The results of the reproducibility tests indicated that the volume of the channel 10 connecting the powder inlet 12 and the main flow channel 4 is a dead volume which is filled each time with particles that are not further transported towards the outlet 8. To prove this hypothesis, a similar set of experiments as described above was conducted in a channel with another design (see FIG. 4 b). Series of 1, 2, 5, 7, 10, 20, 35 and 50 injections of Dibasic Calcium Phosphate (Fujicalin®) were performed on fill heights of 15, 22 and 28 mm. The fluidising pressure was kept constant at 11.6 PSI.

The weighed masses showed reproducible linearity within the range from 1 to 50 injections as illustrated in FIG. 5. It can also be seen that the gradient of each series, which actually represents the average mass of one injection, increased with the fill height of the powder hopper. The corresponding value for the mass (B) of a single injection as well as the correlation coefficients (R), which are appreciably high, are given in Table 1.

TABLE 1
Full Height [mm] B [mg] Error [mg] R N
14 0.69 0.01 0.9989 8
24 1.94 0.03 0.9992 8
26 2.00 0.03 0.9984 8
34 2.93 0.04 0.9993 8
39 4.10 0.05 0.9997 8

Linear regression for each series: Y=B×X. The gradient B is the average mass of one single injection.

The dependency of the injection mass may be determined from the bed height in the powder hopper. To do that the calculated values for the average masses of a single injection were plotted against the fill height of the powder hopper 14. From FIG. 6 it can be seen that the average mass of a single injection for each series correlated linearly to the height of the powder bed in the hopper. The equation of the linear regression is given in Table 2.

TABLE 2
Parameter Value Error
A −1.16 0.33
B 1.29 0.12

Linear Regression of average masses: Y=A+B×X.

Interestingly the straight line of the linear fitting intersects the Y-axis at a value of about −1.2 mg instead of 0 mg at the origin of the graph. It is likely that a certain amount of powder is retained during every injection and that the channel 10 that connects the powder inlet 12 with the main channel 4 may act as a dead volume in the system. FIGS. 3E-F support this idea as only the particles located directly in the intersection 24 were transported towards the outlet.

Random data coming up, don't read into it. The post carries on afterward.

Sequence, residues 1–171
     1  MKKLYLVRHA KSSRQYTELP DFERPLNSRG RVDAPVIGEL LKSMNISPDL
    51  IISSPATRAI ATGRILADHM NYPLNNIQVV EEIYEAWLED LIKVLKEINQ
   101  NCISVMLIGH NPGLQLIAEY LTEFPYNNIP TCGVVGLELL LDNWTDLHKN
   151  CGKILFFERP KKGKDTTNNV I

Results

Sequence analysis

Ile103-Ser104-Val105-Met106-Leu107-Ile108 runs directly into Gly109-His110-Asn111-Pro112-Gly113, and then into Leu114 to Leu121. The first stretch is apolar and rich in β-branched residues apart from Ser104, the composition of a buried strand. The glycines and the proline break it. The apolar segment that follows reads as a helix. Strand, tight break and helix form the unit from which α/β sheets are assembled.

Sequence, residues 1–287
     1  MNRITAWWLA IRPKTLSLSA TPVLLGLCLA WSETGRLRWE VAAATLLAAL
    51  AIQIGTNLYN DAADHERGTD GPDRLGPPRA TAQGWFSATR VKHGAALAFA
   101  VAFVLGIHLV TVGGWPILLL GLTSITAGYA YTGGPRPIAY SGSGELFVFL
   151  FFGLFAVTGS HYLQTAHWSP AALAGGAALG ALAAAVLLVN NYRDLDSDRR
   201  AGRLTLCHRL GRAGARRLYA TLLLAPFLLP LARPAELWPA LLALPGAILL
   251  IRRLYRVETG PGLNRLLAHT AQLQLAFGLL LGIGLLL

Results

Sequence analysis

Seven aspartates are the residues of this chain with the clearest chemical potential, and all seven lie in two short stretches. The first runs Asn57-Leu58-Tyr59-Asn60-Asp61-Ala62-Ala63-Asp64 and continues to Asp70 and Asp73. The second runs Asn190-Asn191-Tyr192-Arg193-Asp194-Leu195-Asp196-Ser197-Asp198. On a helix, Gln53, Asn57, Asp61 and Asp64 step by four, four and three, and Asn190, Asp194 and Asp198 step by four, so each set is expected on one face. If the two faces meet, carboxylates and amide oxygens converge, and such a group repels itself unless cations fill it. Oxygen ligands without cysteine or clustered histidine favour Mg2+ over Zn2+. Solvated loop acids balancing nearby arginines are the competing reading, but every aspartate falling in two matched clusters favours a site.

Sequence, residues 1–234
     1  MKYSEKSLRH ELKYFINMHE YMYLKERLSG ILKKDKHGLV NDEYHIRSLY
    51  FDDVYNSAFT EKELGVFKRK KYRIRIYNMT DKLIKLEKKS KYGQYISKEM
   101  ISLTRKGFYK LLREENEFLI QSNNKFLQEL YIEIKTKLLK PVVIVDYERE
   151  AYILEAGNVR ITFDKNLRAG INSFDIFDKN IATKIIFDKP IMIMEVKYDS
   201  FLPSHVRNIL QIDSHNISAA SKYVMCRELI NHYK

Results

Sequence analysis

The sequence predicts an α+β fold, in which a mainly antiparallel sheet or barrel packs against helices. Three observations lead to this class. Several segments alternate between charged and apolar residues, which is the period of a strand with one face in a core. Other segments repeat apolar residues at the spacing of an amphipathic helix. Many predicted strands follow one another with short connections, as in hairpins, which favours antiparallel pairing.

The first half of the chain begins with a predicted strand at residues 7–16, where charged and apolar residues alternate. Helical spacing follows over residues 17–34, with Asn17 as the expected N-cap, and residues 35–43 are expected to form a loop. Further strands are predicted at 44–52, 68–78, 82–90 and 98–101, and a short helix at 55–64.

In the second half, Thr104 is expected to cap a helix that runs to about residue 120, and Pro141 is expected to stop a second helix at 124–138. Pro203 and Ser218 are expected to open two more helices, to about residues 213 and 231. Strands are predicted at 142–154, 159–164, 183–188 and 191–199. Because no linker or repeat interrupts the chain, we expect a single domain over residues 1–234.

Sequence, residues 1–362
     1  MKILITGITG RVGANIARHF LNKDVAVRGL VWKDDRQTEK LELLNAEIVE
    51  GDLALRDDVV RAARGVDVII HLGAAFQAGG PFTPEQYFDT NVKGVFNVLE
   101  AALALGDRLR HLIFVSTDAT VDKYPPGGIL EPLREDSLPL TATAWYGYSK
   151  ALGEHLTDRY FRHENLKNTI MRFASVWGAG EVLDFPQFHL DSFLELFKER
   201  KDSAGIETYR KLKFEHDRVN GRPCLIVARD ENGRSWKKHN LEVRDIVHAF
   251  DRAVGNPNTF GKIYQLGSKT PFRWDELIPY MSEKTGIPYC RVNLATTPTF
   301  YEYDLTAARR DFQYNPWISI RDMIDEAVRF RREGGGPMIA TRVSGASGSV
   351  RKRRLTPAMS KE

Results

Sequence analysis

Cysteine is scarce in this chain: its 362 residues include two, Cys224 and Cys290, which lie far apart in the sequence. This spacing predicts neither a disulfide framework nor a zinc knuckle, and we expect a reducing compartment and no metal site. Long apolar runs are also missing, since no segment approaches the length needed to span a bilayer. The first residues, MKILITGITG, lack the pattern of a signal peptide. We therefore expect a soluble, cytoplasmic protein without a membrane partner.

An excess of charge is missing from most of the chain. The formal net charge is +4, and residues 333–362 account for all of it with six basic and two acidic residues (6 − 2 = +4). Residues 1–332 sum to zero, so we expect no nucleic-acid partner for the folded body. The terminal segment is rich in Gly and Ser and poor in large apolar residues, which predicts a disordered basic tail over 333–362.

The intention of the second series of experiments was to confirm the hypothesis that the small connecting channel 10 between powder inlet 12 and the main channel 4 acted as a dead volume. FIG. 7 is a graph showing the masses of particles collected that were injected in each series with a different fill height using the channel arrangement shown in FIG. 4 b. The results given in FIG. 7 compare well with the data of the first experiments in terms of linearity. The values of the average masses of a single injection in the series are listed in Table 3.

TABLE 3
Fill height [mm] B [mg] Error [mg] R N
15 1.11 0.01 0.9996 6
22 2.07 0.02 0.9998 7
28 3.12 0.04 0.9995 7

Linear regression for the data of each series of the experiments with a shorter connecting channel: Y=B×X. The gradient B is the average mass of one single injection. The values for 35 or 50 injections were slightly smaller than expected due to the decreasing bed height during the injection series. Therefore they were not used for the calculations in some cases (see column N).

The average mass of an injection in the chip with the shorter connecting channel (FIG. 4 b) was found to be higher than in the one with the longer channel (FIG. 4 a) as evident from FIG. 8. As predicted this channel posed a dead volume that retained a predetermined amount of powder during every injection. The average values of the second experiments (using a channel as shown in FIG. 4 b with a smaller dead volume) return a smaller value when intersecting the Y-axis.

The intersections of the straight lines obtained from the linear regression, that give the specific mass retained in the channel, should correlate with the volume of the channel 10 which can be calculated from the dimensions of the channel.

The results of the injection experiments confirm that the amount of powder injected depends on the fill height of the powder hopper. It may be possible to describe the mass of x injections with a one-dimensional function of the decreasing fill height. For practical implementation the fill height of the powder hopper may have to be monitored continuously to control the calculated values.

Other designs for the channel crossing are envisaged. Some examples of further designs for the crossing between the channel 4 and the power supply channel 10 are shown in FIG. 9. To minimise the overall time, the time for fluidisation and injection can be optimised.